Former Hockley County Chief Deputy Sheriff Pleads Guilty in Methamphetamine Trafficking Conspiracy
|U.S. Attorney’s Office December 21, 2009|
LUBBOCK, TX—Gordon Clark Bohannon of Levelland, Texas, the former Chief Deputy of the Hockley County Sheriff’s Office, pleaded guilty this afternoon before U.S. District Judge Sam R. Cummings to his role in a methamphetamine trafficking conspiracy, announced U.S. Attorney James T. Jacks of the Northern District of Texas. Bohannon and 27 others were charged in July 2009 in a 110-count indictment with operating a major methamphetamine trafficking organization in west Texas, Arizona, and in the Modesto, California area since 2003. One other Hockely County Sheriff’s Deputy charged in that indictment, Jose Jesus Quintanilla, 39, of Smyer, Texas, pleaded guilty last month to one count of misprision of a felony, and is awaiting sentencing. The lead defendant in the case, Bobby Duwayne Froman, of Levelland, Texas, pleaded guilty to his role as leader of the conspiracy earlier this month. If the Court accepts the terms of Froman’s plea agreement, he will face a 240-month prison sentence and will be required to forfeit two residences, a Harley Davidson motorcycle, and a truck. Additionally, he will have to pay a $900,000.00 money judgment to the United States. A sentencing date for Froman has not yet been set.
Bohannon, 53, pleaded guilty to one count of conspiracy to distribute and possess with intent to distribute 500 grams or more of methamphetamine. He faces a maximum statutory sentence of life in prison and a $4 million fine. Under the terms of the plea agreement, however, Bohannon faces a sentence of 120 months in prison, and no fine, if the Court accepts the plea. Judge Cummings ordered a pre-sentence investigation report with sentencing to be scheduled after the completion of that report. Bohannon has been in custody since his arrest in July. All but one of the defendants charged in the case have pleaded guilty to their roles and are awaiting sentencing. The indictment was dismissed against three of the defendants.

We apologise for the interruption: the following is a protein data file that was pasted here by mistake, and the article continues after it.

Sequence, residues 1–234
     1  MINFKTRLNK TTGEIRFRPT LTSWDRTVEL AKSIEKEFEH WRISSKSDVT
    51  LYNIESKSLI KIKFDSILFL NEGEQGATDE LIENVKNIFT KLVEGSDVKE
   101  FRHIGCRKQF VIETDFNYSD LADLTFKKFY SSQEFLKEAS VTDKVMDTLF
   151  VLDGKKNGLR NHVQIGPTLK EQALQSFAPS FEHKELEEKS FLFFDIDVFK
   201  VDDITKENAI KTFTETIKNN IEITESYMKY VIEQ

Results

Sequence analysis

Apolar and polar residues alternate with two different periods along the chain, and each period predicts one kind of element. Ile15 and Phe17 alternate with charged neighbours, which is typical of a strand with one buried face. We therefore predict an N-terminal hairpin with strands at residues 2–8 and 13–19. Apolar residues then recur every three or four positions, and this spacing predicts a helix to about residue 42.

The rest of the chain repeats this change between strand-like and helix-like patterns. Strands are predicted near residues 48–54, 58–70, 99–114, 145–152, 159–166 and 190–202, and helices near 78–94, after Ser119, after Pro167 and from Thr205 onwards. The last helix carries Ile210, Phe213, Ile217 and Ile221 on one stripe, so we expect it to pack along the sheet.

In October 2007, law enforcement initiated an investigation into the narcotics trafficking activities of Bobby Duwayne Froman, a/k/a “Quick,” the founder of the Aces and Eights Outlaw Motorcycle Gang (OMG). From January 2003 to early July 2009, defendants Bobby Duwayne Froman, Gordon Clark Bohannon, Charity Bell Barron, Jeffrey Paul Bayer, Clifford Leroy Clark, Earnest Gale Flowers, Sharon T. Froman, Billy Charles Fuller, Bradley Gene Gore, Danny Keith Gregory, Jason Gutierrez, Dennis Carl Hegwood, Gary Duane Hegwood, Kimberly Hull, Andrew Clay Hurst, Kenneth Ray Johnson, Teddy Ralph Johnson, Stephanie Renee McKee, Keith Allen Miller, Jamie Paul Nickell, Kristi Ann Quillen, Jose Jesus Quintanilla, Hector Ramos, Perry Dean Roberson, David Lee Russell, Steven Allen Savell, Toni Jo Petska-Wood, and Marvin Lee Whittington, conspired with each other and others to distribute and possess with intent to distribute large quantities of methamphetamine.
Froman’s co-conspirators transported large amounts of U.S. currency from Lubbock and Levelland, Texas, to Modesto to purchase large quantities of methamphetamine from Russell and Hegwood. Froman and others then distributed it in Levelland, Lubbock and throughout the South Plains area of West Texas.